Economics can explain us odd humans
TEXT OF COMMENTARY
KAI RYSSDAL: Today, the final installment of our series featuring young economists. We've asked three of them the same simple question: Why?
When curious Gen Y-ers can do almost anything they want, why subject yourself to a whole lotta number-crunching and cost-benefit analyses?
Commentator and economics graduate student Ben Bushong says these days economics is a lot more than that.
BENJAMIN BUSHONG: Growing up, I wanted to be something interesting and exciting -- like an astronaut or a doctor. I never even considered pursuing economics. The idea of poring over numbers and statistics for hours a day didn't really pique my interest. And I actually failed high school economics.
But once I got up to higher levels, I found in economics a fascinating and dynamic field. Behavior is immensely complicated. And as economists, we try to boil it down to one or two simple equations.
And increasingly, we're utilizing new and innovative techniques to ask some of life's most fundamental questions. For instance, instead of GDP numbers and labor statistics, I actually use brain activity to ask questions like how do we choose to buy something?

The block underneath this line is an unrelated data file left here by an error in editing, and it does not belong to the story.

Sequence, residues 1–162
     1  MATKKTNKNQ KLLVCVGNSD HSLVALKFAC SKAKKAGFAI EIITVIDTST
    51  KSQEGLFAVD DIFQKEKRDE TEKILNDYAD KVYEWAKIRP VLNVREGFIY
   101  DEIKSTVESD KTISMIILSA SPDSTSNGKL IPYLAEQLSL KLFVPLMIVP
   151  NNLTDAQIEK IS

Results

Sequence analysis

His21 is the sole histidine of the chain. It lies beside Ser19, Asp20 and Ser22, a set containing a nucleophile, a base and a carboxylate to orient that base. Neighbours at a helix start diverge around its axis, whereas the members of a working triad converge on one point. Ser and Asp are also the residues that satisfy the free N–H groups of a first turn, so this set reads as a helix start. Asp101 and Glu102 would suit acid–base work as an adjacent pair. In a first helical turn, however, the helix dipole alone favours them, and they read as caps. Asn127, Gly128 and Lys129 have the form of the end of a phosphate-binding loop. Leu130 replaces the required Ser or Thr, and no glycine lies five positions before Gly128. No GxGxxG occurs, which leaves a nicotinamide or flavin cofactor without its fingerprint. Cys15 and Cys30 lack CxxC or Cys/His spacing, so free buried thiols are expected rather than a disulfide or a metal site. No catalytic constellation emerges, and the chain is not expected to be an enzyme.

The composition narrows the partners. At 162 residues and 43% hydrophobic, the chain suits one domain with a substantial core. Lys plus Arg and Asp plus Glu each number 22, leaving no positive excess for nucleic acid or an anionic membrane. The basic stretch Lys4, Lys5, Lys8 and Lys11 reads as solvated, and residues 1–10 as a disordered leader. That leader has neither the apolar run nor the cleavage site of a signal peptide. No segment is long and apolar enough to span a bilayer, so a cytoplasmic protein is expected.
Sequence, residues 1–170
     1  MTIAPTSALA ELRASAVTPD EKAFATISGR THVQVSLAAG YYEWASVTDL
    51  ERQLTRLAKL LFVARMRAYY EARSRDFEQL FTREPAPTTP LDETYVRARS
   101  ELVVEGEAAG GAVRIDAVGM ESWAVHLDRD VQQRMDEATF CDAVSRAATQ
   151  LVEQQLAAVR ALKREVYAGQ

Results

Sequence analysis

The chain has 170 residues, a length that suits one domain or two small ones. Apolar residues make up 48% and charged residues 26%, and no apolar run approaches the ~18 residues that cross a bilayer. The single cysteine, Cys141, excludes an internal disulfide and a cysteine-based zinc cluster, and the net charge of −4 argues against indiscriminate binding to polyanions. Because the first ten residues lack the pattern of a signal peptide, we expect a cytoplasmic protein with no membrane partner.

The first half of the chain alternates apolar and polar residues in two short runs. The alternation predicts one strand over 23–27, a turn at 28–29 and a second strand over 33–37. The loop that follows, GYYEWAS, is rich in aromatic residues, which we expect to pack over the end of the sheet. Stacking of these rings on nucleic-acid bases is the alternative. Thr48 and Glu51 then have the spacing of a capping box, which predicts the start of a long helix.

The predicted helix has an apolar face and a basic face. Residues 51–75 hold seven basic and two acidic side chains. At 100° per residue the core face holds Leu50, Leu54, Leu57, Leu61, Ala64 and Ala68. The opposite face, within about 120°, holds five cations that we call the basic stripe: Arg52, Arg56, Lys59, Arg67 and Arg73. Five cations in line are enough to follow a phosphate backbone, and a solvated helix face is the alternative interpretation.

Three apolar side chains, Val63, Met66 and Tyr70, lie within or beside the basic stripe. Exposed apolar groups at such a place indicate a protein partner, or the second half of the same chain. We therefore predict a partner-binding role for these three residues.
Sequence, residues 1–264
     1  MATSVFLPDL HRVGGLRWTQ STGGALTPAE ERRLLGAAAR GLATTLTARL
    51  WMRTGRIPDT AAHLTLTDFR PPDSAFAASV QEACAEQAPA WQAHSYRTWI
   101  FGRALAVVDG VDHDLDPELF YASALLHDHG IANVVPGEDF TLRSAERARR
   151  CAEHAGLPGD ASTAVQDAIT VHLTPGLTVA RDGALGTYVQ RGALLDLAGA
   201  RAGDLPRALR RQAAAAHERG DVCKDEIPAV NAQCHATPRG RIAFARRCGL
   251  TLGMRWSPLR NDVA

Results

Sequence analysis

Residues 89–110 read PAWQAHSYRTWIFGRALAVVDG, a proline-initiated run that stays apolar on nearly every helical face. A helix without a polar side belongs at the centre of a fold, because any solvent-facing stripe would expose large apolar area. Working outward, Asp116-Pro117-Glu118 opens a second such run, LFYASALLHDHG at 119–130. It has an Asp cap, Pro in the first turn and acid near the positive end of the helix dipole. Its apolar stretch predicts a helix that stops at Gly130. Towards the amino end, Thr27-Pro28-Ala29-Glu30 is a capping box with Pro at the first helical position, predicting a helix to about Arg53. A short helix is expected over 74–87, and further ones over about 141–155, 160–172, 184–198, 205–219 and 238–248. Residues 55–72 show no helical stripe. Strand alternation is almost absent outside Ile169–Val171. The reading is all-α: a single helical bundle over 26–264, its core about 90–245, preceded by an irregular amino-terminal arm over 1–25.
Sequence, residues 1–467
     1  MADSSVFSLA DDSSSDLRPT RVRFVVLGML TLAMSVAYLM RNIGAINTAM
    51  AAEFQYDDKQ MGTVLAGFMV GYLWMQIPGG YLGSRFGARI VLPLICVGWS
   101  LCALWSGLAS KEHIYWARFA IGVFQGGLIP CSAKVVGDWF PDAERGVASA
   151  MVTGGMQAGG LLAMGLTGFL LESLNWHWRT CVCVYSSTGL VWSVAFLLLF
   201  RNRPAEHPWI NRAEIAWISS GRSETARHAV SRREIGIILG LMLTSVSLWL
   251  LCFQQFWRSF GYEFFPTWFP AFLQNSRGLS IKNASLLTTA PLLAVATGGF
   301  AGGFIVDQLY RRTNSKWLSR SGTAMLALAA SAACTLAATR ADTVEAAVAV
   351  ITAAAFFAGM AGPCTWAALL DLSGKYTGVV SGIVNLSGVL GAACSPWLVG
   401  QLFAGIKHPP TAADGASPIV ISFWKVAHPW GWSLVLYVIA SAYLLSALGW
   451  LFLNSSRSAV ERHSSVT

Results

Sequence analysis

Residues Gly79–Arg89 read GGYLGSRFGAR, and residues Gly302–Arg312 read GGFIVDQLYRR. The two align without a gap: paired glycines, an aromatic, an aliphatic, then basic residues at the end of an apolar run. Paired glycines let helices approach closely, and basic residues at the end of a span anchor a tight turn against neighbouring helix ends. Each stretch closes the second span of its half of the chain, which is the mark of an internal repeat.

We now have the capacity to analyze hormone levels to measure trust between people. Or utilize tools such as MRI imaging to figure out motives for giving to charity. Or even gene sequencing to look at the genetic basis for altruism. We're using ideas developed by psychologists, sociologists and political scientists. All of this allows us to examine these questions in nearly limitless ways.
With the economy the way it is right now, people might wonder why I focus on something like brain activity. It's one thing to examine how and why the price of food has spiraled out of control, but quite another to be able to use MRI scans to predict which foods a person will buy.
To me, current economic policies aren't based on this solid understanding of people's behavior. For instance, in a down economy like we have now we often see proposals for the expansion of social welfare services. But in order to tailor those policies correctly, shouldn't economists consider the thoughts and feelings of people who receive these types of aid? These new techniques can allow us to probe these questions.
And it's questions like these that motivate me to study economics and hopefully build models that make sense for all sorts of seemingly odd behavior -- including my own.
RYSSDAL: Benjamin Bushong is a doctoral candidate in economics at the California Institute of Technology.